Regardless of a country’s development level, the health literacy levels of populations are found to be low all over the world. In 2011, in a study of health literacy conducted on over 8000 people aged 15+ years in 8 European countries (Germany, Austria, Bulgaria, Netherlands, Ireland, Spain, Poland and Greece), respondents were classified into 4 groups—insufficient, problematic, adequate and very good—based on their Newest Vital Sign and Health Literacy Measurement Index scores. In the Netherlands 29.0% of respondents and in Bulgaria 62.0% were in the insufficient and problematic groups, whereas in Ireland 60.0% of respondents and in the Netherlands 72.0% had very good scores. The rates of adequate and very good scores were the lowest in Bulgaria (37.0%) and in Spain (42.0%) (11).

Teachers’ health literacy is increasingly seen as an important part of school health promotion programmes (12) and many studies have been conducted on how to improve mental health literacy among educators (13–15). In Turkey, studies on health literacy in the general population are limited and, to our knowledge, there has been no study among teachers. It is desirable that teachers’ health literacy levels should be high because their roles involve teaching students about health information and health-related behaviours as a part of basic education at the primary and secondary school levels. Enhancing health literacy levels of teachers is necessary for the Project of Health Promoting Schools in Turkey. The objectives of the study reported here were to assess the health literacy levels and related factors in primary and secondary schoolteachers in Çorum province of Turkey.


Study setting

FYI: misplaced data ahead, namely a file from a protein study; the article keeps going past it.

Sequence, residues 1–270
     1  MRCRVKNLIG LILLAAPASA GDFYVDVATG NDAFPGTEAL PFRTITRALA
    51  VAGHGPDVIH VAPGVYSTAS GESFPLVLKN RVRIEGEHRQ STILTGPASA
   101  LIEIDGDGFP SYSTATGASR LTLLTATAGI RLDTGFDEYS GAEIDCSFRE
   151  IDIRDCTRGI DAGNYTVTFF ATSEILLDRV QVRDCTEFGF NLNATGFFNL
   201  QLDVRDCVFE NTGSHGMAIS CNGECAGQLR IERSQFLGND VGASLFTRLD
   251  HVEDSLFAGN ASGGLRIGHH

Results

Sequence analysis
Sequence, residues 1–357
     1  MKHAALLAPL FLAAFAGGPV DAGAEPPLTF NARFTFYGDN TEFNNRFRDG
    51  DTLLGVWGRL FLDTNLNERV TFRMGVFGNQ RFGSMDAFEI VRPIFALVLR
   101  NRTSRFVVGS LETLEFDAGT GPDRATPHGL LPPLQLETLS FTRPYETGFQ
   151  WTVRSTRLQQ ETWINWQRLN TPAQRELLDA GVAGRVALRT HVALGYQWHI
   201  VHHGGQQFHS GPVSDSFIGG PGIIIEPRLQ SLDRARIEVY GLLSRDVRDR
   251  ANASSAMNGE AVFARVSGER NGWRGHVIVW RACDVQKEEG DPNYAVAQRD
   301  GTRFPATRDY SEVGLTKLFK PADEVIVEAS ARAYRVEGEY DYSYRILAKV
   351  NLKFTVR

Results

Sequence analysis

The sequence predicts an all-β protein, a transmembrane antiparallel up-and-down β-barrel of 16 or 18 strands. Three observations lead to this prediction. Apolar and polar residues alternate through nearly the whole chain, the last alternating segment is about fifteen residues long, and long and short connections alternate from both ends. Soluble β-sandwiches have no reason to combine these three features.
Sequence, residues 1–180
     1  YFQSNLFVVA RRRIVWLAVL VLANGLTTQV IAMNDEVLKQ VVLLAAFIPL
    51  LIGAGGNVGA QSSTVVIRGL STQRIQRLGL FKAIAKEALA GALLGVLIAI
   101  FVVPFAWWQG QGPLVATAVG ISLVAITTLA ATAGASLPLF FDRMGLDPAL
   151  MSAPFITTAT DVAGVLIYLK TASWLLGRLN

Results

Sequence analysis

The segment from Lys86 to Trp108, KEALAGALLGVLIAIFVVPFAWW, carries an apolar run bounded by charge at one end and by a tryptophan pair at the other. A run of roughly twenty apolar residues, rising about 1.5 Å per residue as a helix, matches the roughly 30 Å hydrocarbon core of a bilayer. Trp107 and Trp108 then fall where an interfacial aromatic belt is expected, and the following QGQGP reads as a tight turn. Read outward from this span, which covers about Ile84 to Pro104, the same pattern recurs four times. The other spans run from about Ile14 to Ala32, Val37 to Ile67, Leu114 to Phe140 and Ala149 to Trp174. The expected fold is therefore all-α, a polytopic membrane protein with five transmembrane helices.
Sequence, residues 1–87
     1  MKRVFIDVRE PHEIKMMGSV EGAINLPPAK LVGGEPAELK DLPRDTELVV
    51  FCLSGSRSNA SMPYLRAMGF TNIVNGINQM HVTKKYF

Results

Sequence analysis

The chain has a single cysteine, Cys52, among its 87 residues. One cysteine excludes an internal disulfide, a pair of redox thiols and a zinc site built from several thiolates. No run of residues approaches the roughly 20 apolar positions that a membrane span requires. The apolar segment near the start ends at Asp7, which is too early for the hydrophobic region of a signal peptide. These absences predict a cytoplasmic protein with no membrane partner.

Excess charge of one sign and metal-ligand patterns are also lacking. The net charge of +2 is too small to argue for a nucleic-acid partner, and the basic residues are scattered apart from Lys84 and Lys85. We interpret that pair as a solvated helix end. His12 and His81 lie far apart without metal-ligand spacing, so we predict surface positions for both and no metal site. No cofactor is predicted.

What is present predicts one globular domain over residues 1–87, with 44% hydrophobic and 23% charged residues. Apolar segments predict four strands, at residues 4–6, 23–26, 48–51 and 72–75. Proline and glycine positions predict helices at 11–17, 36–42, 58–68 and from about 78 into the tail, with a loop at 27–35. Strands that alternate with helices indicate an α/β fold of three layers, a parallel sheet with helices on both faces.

This cross-sectional study was carried out in 2013 in the province of Çorum, Turkey. Çorum is located inland in the central Black Sea region of Turkey and has a population of 527 220. This study was planned in accordance with the Helsinki Declaration and approved by the Erciyes University ethics committee.

Study sampling

The study population was primary and secondary schoolteachers in public schools in Çorum. Official records of the provincial directorate of education showed that there were 21 primary and 15 secondary schools with a total of 580 teachers in the province. In primary schools the teachers work as class teachers, whereas in secondary schools teachers have a specialty in teaching a specific subject (mathematics, history of literature, social science, science and technology, English language, religious and cultural science, sports or arts). We intended to sample the whole population of teachers, but the final analysis was done on questionnaires from 500 teachers. The response rate was 86.2%. Reasons for non-participation were absence during the study period (5.0%), incomplete questionnaires (2.8%) and unwilling to fill out the questionnaire (6.0%).